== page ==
- Posted July 11, 2014 by
Freetown, Sierra Leone
This iReport is part of an assignment:
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The Human Side of Ebola
An Ebola outbreak unprecedented in terms of its deadliness and its geographic reach has been sweeping through West Africa, hitting Guinea, Liberia and Sierra Leone. According to the World Health Organization, over 800 people have so far been infected and more than 500 have died, with the numbers steadily climbing. Initial flu-like symptoms develop quickly into vomiting, diarrhea and sometimes internal and external bleeding. There is no vaccination and the mortality rate can be up to 90 percent.
Two members of our field staff shared their on-the-ground experiences from Sierra Leone.
“I Never Thought I Would Have to Take a Call Like This”
Every Monday since the Ebola virus appeared in Sierra Leone, my weekly routine is to check my email for the latest Ebola case numbers and confer with field staff for updates on the ground. Every Monday, I hope the answer will be the same: no confirmed cases in Bo. So far we have been lucky here. We have managed to stay free of the disease, which has spread rapidly through neighboring districts. But before I could even open my computer this Monday morning, I received a text message. It held the news I hoped I would never get: “Please call asap, I have an Ebola update for you that needs urgent attention.” The message was from our Ebola focal person on the ground in Bo.
Over the weekend, I learned, a child had died from Ebola at a private clinic just outside Bo City, in the Southern Province.
The child’s family had fled to hide with relatives in Bo when two of their children had tested positive for Ebola. They fled for the same reasons many people do: a misunderstanding of the disease and an overwhelming fear that their children would die from it. One child was traced and sent to a treatment facility in nearby Kenema. The other had been hidden by family in a local village. When the symptoms became too difficult to manage, they brought the child to a nearby clinic. The nurse was unaware that the child was suffering from Ebola. She had no capacity to treat the disease. The child died in the clinic.
I’ve been a nurse for over ten years, six of those in Africa, and I never thought I would have to take a call like this. You can never fully prepare yourself for something like Ebola. It’s so intangible, so unreal. But now it’s here. All one can do is brace oneself for the next text or phone call, knowing that we are just at the beginning of this. There is more to come.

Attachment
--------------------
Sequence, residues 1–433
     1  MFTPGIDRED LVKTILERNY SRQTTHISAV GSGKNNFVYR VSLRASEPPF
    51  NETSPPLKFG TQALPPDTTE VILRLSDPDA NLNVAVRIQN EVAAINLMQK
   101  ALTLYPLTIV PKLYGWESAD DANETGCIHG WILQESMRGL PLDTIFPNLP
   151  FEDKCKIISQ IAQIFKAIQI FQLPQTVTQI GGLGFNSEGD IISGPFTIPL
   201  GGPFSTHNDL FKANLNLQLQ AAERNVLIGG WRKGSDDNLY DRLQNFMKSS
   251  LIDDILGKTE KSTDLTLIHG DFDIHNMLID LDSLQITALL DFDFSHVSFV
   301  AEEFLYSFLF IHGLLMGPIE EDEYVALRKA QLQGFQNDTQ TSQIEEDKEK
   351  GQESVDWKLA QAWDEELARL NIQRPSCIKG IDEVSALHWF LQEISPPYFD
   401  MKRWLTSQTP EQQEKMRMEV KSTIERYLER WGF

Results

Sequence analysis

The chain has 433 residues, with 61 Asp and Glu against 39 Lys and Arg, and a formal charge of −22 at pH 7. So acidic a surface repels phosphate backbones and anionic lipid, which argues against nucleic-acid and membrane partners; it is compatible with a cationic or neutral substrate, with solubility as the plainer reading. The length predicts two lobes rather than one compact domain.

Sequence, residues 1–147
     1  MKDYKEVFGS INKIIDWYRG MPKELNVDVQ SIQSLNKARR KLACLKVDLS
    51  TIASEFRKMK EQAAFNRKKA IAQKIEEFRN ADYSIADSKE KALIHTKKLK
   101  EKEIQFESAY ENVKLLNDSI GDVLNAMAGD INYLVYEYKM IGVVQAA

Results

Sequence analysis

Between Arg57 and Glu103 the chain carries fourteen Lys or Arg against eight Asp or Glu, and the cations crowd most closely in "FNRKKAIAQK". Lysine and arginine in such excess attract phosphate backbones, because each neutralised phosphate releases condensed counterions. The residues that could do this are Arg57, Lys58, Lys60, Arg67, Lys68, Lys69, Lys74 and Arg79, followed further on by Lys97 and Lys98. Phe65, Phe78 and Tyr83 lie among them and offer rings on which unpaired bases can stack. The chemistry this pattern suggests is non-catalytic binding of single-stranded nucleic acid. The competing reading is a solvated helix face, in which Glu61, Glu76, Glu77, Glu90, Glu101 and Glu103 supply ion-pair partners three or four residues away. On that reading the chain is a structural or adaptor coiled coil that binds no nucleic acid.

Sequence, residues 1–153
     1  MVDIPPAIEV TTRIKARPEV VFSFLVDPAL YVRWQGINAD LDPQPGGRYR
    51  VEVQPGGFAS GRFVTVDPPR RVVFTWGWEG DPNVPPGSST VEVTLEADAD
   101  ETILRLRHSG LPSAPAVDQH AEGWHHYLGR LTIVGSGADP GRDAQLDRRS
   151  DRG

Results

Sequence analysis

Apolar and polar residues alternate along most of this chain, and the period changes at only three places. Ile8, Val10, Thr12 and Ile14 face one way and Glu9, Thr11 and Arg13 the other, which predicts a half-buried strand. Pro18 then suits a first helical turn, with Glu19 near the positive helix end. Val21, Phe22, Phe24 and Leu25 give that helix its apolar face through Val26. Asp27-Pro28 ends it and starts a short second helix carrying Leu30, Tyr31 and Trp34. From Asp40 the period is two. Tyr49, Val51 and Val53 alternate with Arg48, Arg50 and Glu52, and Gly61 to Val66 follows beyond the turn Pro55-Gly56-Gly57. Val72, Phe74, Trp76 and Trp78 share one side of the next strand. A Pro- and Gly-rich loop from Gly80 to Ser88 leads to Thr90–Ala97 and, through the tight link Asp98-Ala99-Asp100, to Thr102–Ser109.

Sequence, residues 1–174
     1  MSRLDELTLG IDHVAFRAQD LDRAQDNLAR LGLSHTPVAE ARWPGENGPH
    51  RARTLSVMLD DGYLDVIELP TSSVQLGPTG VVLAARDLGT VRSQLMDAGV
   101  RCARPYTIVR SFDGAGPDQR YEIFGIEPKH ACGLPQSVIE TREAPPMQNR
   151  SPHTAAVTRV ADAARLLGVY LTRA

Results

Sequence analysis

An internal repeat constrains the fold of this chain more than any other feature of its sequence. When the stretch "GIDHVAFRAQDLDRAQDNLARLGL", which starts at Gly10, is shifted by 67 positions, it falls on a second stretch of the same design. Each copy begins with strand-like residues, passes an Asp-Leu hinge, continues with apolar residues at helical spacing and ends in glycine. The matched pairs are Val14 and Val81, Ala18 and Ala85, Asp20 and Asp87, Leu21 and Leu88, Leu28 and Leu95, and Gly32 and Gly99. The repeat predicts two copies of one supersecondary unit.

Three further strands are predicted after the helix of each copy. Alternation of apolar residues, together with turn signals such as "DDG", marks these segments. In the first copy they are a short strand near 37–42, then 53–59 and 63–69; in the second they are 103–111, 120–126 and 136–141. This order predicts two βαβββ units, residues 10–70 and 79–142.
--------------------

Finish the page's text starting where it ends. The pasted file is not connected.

-- Kristen Cahill is the Senior Program Manager for Innovations for MNCH, an initiative of Concern in Sierra Leone.
“Terrifying: The Stuff of Hollywood Movies and Computer Games”
I remember reading the news of the potential Ebola outbreak in Guinea in February, just as I was finishing a two-month stint in Sierra Leone. Ebola is one of those diseases you hear about in public health school that is both fascinating and terrifying, the stuff of Hollywood movies and computer games, but you never expect to come across it in your career. It all felt far away and unreal. While it crossed my mind that the outbreak could enter Sierra Leone, after a month or so it seemed unlikely. Ebola wasn’t going to be a reality for any of “my” friends or “my” beneficiaries.
However, as I prepared to return to Sierra Leone at the end of May, several cases of Ebola were identified there. It was as if an alarm bell went off: it’s here, it’s actually happening. My colleagues and I followed the news closely. The scariest part was that the information was confusing and incomplete, making it hard to know whether we were taking the right precautionary steps. Though the outbreak was said to be fairly isolated and not directly affecting our work, we couldn’t stop thinking about it. What would happen if a case were to be identified in the districts where we work? What if…? What if..?
Throughout the month, the scale of the outbreak continued to grow and so did the number of stories rolling in from others in the field. A friend and colleague lost a family member—health professional—to the disease. Hearing this made my heart break. I can only imagine the confusion that people experience when their loved ones fall sick and are whisked off to an isolation unit, never to be seen again. The second feeling I had was anger. Health professionals are rare and precious in Sierra Leone and they are also most at risk of contracting Ebola. Protecting them is not impossible but it often feels that way. Incidents like this highlight the weaknesses of the local health systems and the urgent need for us to keep building and strengthening them.
As I was boarding my flight home from Sierra Leone, I got a text message that there was a confirmed Ebola case in the district where I work. We have suspended our program there for the time being. My greatest fear is that if the situation continues to worsen, not only will it lead to many lost lives and increasing chaos in a country that is still rebuilding, but also that the suspension of development programs like ours will have repercussions for Sierra Leone’s people long after the disease itself has been contained.
-- Katie Waller is the Program Officer for Innovations for MNCH, an initiative of Concern in Sierra Leone.
To learn more about Concern Worldwide, please visit concernusa.org or follow us on Twitter at @Concern.